Adjective Check List (ACL)
by Harrison G. Gough and Alfred B. Heilbrun, Jr.
Copyright © 1965, 1980, 1983, 2006, 2007, 2009, 2012 by Consulting Psychologists Press, Inc.
Upon purchase of a ACL Individual Report: Original Scales, you will receive an email from email@example.com which includes a login link to your Mind Garden Transform account where you will administer the ACL Original Scales survey via a campaign. Follow the steps to create the campaign, set the campaign options, invite your participants to complete the survey, and monitor their progress. Upon a participant's completion of the survey, their ACL Individual Report: Original Scales is automatically generated and released at your discretion.
Each ACL Individual Report: Original Scales includes one ACL Transform Survey Hosting: Original Scales (Data) license (to collect the data) and one ACL Individual Report: Original Scales license (to generate the report).
View Original ACL Scales
The ACL offers a full sphere of psychological trait assessments. The Adjective Check List Standard Scales are:
Modus operandi: Four scales assessing ways in which the respondent has approached the task of describing self or others.
- Number Checked: The total number of adjectives checked
- Favorable: The number of socially desirable adjectives checked
- Unfavorable: The number of unfavorable (socially undesirable) adjectives checked
- Communality: Correspondence of responses to the pattern of checking typically found among people-in-general
Need scales: Fifteen scales assessing psychological needs or wants identified as important in Henry A. Murray’s need-press theory of personality.
- Achievement: To strive to be outstanding in pursuits of socially recognized significance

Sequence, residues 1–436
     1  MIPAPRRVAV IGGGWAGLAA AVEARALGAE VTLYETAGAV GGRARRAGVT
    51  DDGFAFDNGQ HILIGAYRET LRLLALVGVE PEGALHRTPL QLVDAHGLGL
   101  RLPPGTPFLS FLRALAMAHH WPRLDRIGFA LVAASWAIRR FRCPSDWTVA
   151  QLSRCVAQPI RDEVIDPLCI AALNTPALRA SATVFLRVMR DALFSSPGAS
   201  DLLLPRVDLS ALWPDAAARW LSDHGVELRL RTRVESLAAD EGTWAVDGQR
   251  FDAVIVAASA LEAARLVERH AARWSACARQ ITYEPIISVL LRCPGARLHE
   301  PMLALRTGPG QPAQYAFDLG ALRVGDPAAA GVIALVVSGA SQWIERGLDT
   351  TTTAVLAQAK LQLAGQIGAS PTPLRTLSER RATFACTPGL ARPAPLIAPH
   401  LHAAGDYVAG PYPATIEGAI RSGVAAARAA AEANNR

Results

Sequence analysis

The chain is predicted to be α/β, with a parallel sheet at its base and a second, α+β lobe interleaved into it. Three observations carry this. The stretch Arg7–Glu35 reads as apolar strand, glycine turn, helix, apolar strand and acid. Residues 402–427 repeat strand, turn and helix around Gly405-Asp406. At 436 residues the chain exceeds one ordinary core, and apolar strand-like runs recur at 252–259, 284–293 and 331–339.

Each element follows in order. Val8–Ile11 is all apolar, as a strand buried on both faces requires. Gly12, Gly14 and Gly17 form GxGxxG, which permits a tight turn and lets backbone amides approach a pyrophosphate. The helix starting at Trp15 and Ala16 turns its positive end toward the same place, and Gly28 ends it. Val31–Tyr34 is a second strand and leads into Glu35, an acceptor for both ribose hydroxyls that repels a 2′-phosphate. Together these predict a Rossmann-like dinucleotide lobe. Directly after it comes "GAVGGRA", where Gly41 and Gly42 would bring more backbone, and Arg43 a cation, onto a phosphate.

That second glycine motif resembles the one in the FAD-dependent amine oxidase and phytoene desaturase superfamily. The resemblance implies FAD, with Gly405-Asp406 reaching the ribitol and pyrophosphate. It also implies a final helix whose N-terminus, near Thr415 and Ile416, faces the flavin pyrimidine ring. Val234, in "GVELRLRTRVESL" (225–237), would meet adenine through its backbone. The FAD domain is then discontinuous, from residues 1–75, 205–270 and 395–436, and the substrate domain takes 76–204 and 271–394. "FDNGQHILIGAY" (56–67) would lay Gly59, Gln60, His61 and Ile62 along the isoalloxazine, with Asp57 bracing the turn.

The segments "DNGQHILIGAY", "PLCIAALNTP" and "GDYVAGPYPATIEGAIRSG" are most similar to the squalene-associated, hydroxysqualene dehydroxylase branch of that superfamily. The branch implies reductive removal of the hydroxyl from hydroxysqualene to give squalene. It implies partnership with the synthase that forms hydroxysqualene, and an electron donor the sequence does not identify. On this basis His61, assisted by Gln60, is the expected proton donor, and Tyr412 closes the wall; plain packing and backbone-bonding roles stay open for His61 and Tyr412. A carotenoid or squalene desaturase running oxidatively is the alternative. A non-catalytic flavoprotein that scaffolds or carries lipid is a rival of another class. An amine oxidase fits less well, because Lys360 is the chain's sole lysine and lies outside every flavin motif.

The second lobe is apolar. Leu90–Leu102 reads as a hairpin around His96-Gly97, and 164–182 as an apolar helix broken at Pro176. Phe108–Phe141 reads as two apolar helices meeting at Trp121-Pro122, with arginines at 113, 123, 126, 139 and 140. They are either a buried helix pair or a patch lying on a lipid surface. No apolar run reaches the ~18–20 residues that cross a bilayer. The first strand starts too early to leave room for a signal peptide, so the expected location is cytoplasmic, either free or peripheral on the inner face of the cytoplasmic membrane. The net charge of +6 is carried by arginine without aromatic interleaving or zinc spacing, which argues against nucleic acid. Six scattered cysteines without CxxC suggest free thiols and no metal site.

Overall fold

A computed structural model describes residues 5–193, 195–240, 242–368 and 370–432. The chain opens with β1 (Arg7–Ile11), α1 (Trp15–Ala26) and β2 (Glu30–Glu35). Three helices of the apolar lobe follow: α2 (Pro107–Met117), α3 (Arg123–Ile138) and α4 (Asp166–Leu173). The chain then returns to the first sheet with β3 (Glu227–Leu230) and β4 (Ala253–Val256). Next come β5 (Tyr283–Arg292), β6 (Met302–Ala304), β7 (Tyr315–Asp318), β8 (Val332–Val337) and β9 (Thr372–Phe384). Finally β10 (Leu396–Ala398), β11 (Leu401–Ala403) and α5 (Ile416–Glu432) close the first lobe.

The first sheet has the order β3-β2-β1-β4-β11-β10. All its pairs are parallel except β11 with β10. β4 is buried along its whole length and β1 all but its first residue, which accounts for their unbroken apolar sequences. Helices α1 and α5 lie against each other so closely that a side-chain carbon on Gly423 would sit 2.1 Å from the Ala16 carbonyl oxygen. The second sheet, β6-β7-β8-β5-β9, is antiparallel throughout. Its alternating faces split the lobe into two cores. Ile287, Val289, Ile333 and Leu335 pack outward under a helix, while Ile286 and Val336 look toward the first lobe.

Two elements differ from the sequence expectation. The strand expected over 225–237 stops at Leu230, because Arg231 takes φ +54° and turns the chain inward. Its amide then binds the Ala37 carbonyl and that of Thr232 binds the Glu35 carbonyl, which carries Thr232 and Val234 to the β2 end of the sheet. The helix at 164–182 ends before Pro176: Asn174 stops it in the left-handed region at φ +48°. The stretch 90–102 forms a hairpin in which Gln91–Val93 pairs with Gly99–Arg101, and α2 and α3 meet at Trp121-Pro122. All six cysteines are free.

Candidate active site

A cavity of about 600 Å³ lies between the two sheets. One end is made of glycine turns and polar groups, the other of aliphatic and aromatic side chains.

- Dominance: To seek and maintain a role as leader in groups, or to be influential and controlling in individual relationships
- Endurance: To persist in any task undertaken
- Order: To place special emphasis on neatness, organization, and planning in one's activities
- Intraception: To engage in attempts to understand one's own behavior or the behavior of others
- Nurturance: To engage in behaviors that provide material or emotional benefits to others
- Affiliation: To seek and maintain numerous personal friendships
- Heterosexuality: To seek the company of and derive emotional satisfaction from interactions with opposite-sex peers
- Exhibition: To behave in such a way as to elicit the immediate attention of others
- Autonomy: To act independently of others or of social values and expectations
- Aggression: To engage in behaviors that attack or hurt others
- Change: To seek novelty of experience and avoid routine
- Succorance: To solicit sympathy, affection, or emotional support from others
- Abasement: To express feelings of inferiority through self-criticism, guilt, or social impotence
- Deference: To seek and maintain subordinate roles in relationships with others
Topical scales: Nine scales assessing a diverse set of attributes, potentialities, and role characteristics.